The Bowtie brand is redoubling its efforts to offer racing-inspired and "track-hardened" componentry for the Gen 5 Camaro. And while this isn't a space in the aftermarket that is devoid of third-party entries, Chevy's sales pitch is a strong one: its parts do not void the manufacturer's warranty and they're designed and engineered by the same teams that design and engineer the cars themselves.
As you might expect, the performance parts in question are drawn in large measure from two of Camaro's turnkey variants, the 1LE and the mighty ZL1. Perhaps most compelling of the whole group is the 1LE Track Pack ($1,500) that includes larger front and rear stabilizer bars, retuned front struts and monotube rear shocks that transform the handling of the pony car. The package works with the stock chassis control and antilock braking software, and can be fitted to both V6 and V8 models. The ZL1 offers up a huge number of its parts to the catalog, including front and rear brake kits ($4,150/$2,500 front/rear for a V8 car, $7,200 for all four wheels for the V6), a short-throw shifter kit and a fuel pump ($350 and $420, respectively).
I drove a selection of V6 and V8 Camaros at the infield track of the speedway with some cone challenge sections, and also got my feet wet at the nearby drag strip, with a couple of drag-prepped, six-speed manual Camaro SS'.
- The Camaro that I was most taken with on the road course in Las Vegas, and the one that I hopped back into for extra lapping, was actually a 2013 Camaro V6. The Silver pony car (inset) had been fitted with the SS brake package, 1LE suspension package, strut tower brace and the performance exhaust.
- The 1LE suspension components give the Camaro remarkably more lateral stiffness while running through a short section of slalom cones that Chevy had set up. I drove a standard '13 V6 immediately before the 1LE-prepped car, and the transformation was pretty incredible. The car was absolutely flat through rapid changes of direction, making far better use of the available grip, as well. Chevy engineers pointed out that they had left the same wheel/tire package on both the modified and unmodified car, to better show off how transformational the underpinnings could be.
- There's no question that the more powerful SS cars were faster around the tight track, but I actually enjoyed flinging the newly stiff V6 more. With the 1LE's suspension, the lighter nose of the V6 Camaro was thrown in pretty dramatic relief. The car felt faster on turn-in and seemed to take a set and move forward more quickly, too.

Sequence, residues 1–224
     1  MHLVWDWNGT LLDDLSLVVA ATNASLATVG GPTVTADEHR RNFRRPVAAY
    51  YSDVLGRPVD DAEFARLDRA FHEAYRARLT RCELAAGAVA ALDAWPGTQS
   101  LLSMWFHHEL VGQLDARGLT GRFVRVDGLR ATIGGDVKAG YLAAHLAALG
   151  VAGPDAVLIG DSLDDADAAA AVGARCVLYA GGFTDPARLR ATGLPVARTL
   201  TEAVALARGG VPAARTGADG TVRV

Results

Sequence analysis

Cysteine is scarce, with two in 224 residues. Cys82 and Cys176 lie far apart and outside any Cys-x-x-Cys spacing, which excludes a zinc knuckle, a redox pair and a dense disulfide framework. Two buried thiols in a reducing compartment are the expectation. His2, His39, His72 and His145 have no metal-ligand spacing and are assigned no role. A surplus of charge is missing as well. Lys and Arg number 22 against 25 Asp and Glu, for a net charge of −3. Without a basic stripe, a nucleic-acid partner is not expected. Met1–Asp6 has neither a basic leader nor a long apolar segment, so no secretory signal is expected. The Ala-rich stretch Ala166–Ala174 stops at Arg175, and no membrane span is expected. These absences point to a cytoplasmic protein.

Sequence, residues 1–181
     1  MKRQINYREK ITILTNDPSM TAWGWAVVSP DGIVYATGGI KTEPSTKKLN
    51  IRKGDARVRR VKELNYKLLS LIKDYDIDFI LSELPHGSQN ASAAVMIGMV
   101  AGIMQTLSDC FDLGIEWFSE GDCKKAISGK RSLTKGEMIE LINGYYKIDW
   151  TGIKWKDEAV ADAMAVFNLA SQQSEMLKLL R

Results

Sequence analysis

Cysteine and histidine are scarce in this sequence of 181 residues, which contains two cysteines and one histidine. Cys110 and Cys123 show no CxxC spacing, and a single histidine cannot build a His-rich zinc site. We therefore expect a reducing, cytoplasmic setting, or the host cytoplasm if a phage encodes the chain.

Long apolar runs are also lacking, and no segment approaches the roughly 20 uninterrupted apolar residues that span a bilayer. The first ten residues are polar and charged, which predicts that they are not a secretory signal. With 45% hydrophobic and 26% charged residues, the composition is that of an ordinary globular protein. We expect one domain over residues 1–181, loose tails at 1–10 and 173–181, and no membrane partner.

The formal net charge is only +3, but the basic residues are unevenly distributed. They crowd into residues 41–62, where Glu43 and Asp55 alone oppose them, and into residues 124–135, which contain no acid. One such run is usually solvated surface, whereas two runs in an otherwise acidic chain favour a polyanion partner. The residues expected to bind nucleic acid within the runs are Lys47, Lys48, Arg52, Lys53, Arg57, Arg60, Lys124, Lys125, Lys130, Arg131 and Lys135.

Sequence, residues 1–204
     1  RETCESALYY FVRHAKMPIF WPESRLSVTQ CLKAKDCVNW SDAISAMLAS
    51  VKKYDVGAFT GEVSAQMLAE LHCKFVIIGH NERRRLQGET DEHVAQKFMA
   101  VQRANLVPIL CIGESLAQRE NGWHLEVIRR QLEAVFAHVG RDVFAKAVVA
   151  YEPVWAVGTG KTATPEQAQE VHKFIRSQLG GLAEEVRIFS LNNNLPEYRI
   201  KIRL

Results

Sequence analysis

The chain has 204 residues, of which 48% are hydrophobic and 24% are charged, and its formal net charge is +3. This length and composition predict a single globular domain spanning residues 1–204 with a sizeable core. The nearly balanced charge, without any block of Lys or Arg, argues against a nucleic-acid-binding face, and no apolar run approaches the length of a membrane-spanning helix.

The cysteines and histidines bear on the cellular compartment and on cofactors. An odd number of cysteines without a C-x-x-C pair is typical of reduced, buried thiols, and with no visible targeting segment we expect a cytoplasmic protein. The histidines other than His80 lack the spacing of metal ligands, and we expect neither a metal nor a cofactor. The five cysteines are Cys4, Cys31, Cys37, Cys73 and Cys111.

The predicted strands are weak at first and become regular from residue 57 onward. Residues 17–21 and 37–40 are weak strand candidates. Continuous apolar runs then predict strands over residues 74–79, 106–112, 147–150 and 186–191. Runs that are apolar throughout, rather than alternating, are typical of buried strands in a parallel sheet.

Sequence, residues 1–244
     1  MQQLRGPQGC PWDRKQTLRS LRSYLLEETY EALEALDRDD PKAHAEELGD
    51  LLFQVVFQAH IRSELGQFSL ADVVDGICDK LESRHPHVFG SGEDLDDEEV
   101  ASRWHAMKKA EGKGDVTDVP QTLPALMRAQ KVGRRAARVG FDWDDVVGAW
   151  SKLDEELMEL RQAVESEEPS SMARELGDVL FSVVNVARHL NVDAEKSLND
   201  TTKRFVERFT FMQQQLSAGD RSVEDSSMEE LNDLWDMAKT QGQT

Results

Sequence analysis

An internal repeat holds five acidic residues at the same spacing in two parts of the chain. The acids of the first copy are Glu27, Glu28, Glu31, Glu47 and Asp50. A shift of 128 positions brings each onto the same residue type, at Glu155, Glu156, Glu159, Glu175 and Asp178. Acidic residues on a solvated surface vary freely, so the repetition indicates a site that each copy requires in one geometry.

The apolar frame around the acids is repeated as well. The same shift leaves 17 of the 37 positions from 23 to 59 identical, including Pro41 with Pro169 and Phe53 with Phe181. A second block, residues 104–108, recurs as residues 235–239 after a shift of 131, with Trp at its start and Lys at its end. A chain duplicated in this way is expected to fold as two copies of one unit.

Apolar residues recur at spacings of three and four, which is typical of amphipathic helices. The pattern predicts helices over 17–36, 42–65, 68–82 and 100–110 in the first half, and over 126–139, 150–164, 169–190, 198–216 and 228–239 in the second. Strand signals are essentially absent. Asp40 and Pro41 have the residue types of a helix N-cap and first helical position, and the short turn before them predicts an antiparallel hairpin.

- Both the stock and modified V6 cars I drove were equipped with a six-speed automatic transmission. The infield was tight enough that a manual car could lap it quickly in second gear, but the autobox wanted to shift up too soon in a few spots. The manual-mode shifting is kind of slow to react, too. This isn't a racing transmission, to be sure, but it was mildly disappointing on the track, nevertheless.
- The SS braking kit proved to offer a clear advantage over the stock set of stoppers. The initial bite from the brake pedal was firmer, and I was able to stop quite a bit farther back in the emergency stopping box that had been laid out on the course. That said, the heavier V8 Camaros equipped with the 14.6-inch rotors and 6-piston calipers from the front brakes of the ZL1 were decidedly quicker at retarding speed.
- As I mentioned, there were two drag-prepped SS cars with which we could take quarter-mile runs (above); not quite up to the level of the COPO Camaros, but in that same spirit. The big modification here included a complete ZL1 rear axle system: 9.9-inch ring gear, heavy-duty limited slip differential in a cast iron housing, and a beefed up driveshaft and half-shafts. The engineers on hand were all pretty cocky that this rear end was all but unbreakable, which was good to hear as this was my first time drag racing.
- Now, most guys who drag race their Camaros opt for automatic transmissions for more perfect launches and upshifts, but Chevy had built our two cars with the newly available short-throw six-speed. I actually found the manual trans to be pretty easy to use, though I know I shifted up a hair too late, twice, on my second run.
- The Camaros at the strip also came correct with the LS3 heads and LS7 camshaft package that adds around 40 horsepower to the SS V8. Between the added weight of the HD rear axle system and the excitement of the competitive environment, it's hard to say that the extra grunt was obvious. I'm sure back-to-back runs in modified and unmodified cars would have eventually told the tale, both by the seat of my pants and on the clock. In any case, there was more than enough power to launch incredibly hard and throw me back in my seat with great force.
- How'd I do? Well, I ran like the rookie that I was. I recorded a 13.826-second time at 105.86 miles per hour my first time out. That's clearly not indicative of the true performance potential of the vehicle; a few of the guys that followed me were just a fraction over 13 seconds, and everyone seemed sure that ranges in the 12s were totally doable.
- In all it was an enlightening day of track-oriented fun, and one that foretold a lot of great Camaro customization to come in the future. There's just not much to dislike about making a fast car faster.